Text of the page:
For Denver, see below.
The minimum age for open carry in Colorado is 18 and does not require a permit. Open carry is more restricted than concealed carry is (this is a reverse from most states in the West). Local governments can ban open carry at government buildings and public property (such as parks). Signs must be posted at each public entrance.
29-11.7-104 Regulation-[open] carrying-posting
A local government may enact an ordinance, regulation, or other law that prohibits the open carrying of a firearm in a building or specific area within the local government's jurisdiction. If a local government enacts an ordinance, regulation, or other law that prohibits the open carrying of a firearm in a building or specific area, the local government shall post signs at the public entrances to the building or specific area informing persons that the open carrying of firearms is prohibited in the building or specific area.
Many Colorado municipalities ban open carry to the fullest extent of the law. While areas such as public streets and sidewalks generally cannot be designated 'no open carry' zones, "specific area" is broadly interpreted to include parks, trails, and public plazas. Local governments are prohibited from regulating concealed carry only.
'No guns' signs do not have the force of law on private property. If you openly carry past a 'no guns' sign on private property, you may be asked to leave or disarm. Failure to comply would only be trespassing. Signs on private property may cite 18-4-504, which is simply trespassing.
Menacing (18-3-206) is if, by any threat or physical action, a person knowingly places or attempts to place another person in fear of imminent serious bodily injury by the use of a deadly weapon (felony). Case law indicates this section is meant to be applied when someone uses a firearm to essentially threaten death in aggravated circumstances (assault, robbery, road-rage, etc.).
It appears that under very specific, narrow circumstances that one could be charged with a crime for open carry, but no reports suggest that this is a problem in Colorado and furthermore, case law indicates that exacerbating circumstances would likely be required to elevate open carry to a different crime. An intentional act, such as making threats or drawing a firearm not in justifiable self-defense, would be required on behalf of the carrier, not simply a fearful reaction from a hoplophobia third party.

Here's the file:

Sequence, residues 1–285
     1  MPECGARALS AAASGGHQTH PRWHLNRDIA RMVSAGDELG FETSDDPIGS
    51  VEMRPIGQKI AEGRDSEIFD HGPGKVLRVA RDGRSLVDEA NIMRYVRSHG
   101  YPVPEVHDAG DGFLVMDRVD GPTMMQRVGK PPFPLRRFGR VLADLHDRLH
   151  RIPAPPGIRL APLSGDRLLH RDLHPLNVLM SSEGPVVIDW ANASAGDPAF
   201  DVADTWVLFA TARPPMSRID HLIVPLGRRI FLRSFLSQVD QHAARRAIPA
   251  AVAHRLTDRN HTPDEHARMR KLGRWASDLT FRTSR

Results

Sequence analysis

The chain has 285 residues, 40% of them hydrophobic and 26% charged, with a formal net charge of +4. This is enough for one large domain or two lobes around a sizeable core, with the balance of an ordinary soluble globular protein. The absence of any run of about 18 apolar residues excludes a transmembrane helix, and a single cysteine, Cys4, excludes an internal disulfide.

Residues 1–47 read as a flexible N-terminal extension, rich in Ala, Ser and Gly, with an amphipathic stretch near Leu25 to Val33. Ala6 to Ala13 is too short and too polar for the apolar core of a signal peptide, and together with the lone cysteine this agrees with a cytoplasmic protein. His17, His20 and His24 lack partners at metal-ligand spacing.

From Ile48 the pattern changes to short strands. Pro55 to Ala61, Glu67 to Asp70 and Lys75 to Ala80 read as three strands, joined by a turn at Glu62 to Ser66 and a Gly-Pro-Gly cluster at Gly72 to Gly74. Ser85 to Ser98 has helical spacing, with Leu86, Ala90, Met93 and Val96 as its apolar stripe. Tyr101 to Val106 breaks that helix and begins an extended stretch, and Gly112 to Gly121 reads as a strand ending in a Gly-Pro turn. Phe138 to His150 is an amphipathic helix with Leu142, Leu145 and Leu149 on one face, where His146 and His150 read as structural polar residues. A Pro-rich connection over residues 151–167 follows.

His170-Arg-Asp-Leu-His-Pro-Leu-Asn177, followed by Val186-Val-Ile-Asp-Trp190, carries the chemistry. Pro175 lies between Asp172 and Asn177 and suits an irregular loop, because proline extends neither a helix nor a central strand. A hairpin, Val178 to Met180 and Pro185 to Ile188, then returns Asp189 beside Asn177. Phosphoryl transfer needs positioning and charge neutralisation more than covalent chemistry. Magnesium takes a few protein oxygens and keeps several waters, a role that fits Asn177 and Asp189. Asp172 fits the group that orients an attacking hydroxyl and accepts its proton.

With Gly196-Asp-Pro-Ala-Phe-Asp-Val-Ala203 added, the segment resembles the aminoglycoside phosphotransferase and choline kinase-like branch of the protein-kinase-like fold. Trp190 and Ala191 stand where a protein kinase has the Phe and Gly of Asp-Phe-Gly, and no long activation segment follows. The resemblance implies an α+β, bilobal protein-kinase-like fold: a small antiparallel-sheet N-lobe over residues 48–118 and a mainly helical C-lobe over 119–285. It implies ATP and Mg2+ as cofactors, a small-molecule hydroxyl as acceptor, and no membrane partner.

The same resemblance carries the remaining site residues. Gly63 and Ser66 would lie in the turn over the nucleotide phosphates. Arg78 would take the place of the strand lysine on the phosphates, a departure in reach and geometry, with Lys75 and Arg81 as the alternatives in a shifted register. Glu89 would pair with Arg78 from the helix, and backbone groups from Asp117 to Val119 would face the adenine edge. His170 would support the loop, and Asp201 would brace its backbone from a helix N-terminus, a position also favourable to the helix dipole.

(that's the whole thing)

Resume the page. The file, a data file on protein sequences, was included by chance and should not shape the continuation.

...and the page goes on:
Colorado's state preemption of local firearm laws is rather weak. As you have read above, Denver's exemptions border on ludicrous. Additionally, unlike other states, which usually reserves firearm regulation power to the legislature and grants limited authority to local governments, Colorado only prohibits local governments from making certain laws in a very narrow field. Local governments are prohibited from regulating concealed carry only. 29-11.7-101
See also 29-11.7-104 regarding open carry lack-of-preemption protection.
Open carry is illegal in the City and County of Denver 38-117(a) DMC
Denver has banned open carry since 1973, under the premise that Denver is a 'special' home-rule city and somehow different than the rest of the state. Arguments seemed to be based on the fallacy that an openly carried handgun equates target shooting and that allowing open carry in the city would lead to people getting shot. The Supreme Court found that Denver has the right to regulate open carry because it is urbanized. In other words, Denver residents are less entitled to full Second Amendment rights than other Colorado residents.
The Supreme Court's opinion allowing Denver's strict gun control regime is based on the fact it is organized differently than most cities. Under home rule, it is not subject to certain limitations that other cities are subject to. While that issue is one unique to Colorado, the arguments to support the validity of the anti-gun ordinances are specious and are a stunning abuse of logic.
The City and County of Denver is a home rule city created and organized under Article XX, Section 6 of the Colorado Constitution (the “home rule amendment”). Under the home rule amendment, a home rule municipality has the supreme power to legislate in matters of local concern. Historically, Denver has had a range of ordinances controlling various aspects of the possession, use and sale of firearms in the city. (CO Denver Ruling)
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